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GUWAHATI, India (Reuters) - Suspected tribal rebels in India shot dead 11 Muslims, including two women, in attacks in the northeastern tea-growing state of Assam where tension has run high during an election, officials said on Friday.
Police said they suspected the militants behind the overnight killings were members of the Bodo tribe.
"The gunmen entered the house and shot them dead on the spot," a senior police officer in the state's main city Guwahati with knowledge of the investigation told Reuters.
He was referring to an incident in which the militants shot dead three members of a family, including two women, while wounding a baby. In a second attack, eight people were killed by a group of guerrillas.
Bodo people have frequently clashed with Muslims they say have illegally entered from neighboring Bangladesh and encroached on their ancestral lands near the Himalayan kingdom of Bhutan.
Candidates in India's general election, including opposition front runner Narendra Modi of the Bharatiya Janata Party (BJP), have contributed to anti-Bangladeshi feeling in Assam.
Modi, a Hindu nationalist, last week said immigrants from Bangladesh in a nearby state should have their "bags packed" in case he came to power. He accuses the state government of being soft on immigration. The BJP condemned the attack and accused the state government of not protecting its citizens.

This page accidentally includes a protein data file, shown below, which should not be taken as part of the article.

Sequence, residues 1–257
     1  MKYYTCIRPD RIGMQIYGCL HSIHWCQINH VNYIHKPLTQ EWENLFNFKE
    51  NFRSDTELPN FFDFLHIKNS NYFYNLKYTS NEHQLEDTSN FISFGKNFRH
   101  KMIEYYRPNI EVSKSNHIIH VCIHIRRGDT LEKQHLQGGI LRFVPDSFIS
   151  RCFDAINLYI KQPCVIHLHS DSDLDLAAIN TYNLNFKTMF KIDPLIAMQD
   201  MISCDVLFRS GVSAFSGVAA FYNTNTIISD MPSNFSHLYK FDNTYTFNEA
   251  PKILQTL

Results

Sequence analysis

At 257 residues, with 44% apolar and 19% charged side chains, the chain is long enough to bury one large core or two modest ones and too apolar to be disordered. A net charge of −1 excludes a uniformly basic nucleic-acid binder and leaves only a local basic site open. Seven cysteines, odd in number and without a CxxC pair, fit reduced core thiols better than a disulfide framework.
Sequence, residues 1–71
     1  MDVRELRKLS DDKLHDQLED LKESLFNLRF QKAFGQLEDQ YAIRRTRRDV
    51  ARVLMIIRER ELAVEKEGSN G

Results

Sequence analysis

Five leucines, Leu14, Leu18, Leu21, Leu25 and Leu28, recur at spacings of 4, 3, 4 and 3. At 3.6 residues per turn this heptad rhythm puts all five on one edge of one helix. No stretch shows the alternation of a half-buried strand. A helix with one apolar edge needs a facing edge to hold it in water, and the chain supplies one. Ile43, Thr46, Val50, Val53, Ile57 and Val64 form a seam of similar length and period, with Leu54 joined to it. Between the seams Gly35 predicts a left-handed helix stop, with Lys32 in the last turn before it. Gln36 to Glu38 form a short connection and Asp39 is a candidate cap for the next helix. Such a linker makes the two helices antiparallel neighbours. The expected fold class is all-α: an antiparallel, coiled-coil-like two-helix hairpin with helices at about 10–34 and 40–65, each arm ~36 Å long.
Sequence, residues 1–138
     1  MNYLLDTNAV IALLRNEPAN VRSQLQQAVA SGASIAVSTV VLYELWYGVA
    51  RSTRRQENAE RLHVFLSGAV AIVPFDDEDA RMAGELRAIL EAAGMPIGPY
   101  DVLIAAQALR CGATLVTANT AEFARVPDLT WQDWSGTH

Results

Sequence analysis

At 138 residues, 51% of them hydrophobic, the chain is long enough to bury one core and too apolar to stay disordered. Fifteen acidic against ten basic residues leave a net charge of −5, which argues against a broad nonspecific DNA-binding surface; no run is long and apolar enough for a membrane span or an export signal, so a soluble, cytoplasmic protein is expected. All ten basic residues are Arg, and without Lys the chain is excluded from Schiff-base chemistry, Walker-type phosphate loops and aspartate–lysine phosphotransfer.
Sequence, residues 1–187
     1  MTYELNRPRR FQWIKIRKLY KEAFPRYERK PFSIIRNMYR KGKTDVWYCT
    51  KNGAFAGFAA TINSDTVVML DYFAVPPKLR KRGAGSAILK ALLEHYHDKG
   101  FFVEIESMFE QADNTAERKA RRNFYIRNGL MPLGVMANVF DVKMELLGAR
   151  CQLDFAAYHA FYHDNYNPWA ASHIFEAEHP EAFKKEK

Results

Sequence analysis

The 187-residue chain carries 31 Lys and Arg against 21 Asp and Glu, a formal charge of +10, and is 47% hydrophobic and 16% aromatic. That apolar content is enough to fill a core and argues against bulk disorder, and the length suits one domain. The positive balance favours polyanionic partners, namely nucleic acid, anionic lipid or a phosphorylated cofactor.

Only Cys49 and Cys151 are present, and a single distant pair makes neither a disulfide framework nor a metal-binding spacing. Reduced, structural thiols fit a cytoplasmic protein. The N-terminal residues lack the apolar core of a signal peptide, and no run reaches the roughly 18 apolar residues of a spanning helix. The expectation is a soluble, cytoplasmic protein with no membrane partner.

"I call upon all parties not to communalize the issue, but to work for restoration of peace immediately," said the leader of the party in Assam, Sarbananda Sonowal.
Voting was held over several days in Assam to help security forces handle any violence from several separatist and tribal militant groups active in the state. Polling in the Bodo region ended on April 24, in what residents say was a tight race between a Bodo and a non-tribal candidate.
Election results are due on May 16.
Police reinforcements were sent to the two districts where the attacks took place, which have a history of sectarian violence. Dozens of police in military style uniforms and armed with automatic rifles patrolled the area, television pictures showed.
"The authorities will take firm action against those involved in this crime," said state government spokesman Nilamoni Sen Deka.
Two years ago, dozens of people were killed in clashes between Bodo people and Muslim settlers in the same area and about 400,000 people fled from their villages. The state government, led by the ruling Congress party, was criticized for not acting quickly enough to stop rioting.
The riots stoked tension nationally, triggering sometimes violent protests by Muslims in cities across India. About 30,000 migrants from the northeast temporarily returned home after threats of reprisals by Muslims circulated by text message.
Reporting by Biswajyoti Das; Editing by Frank Jack Daniel, Robert Birsel and Ron Popeski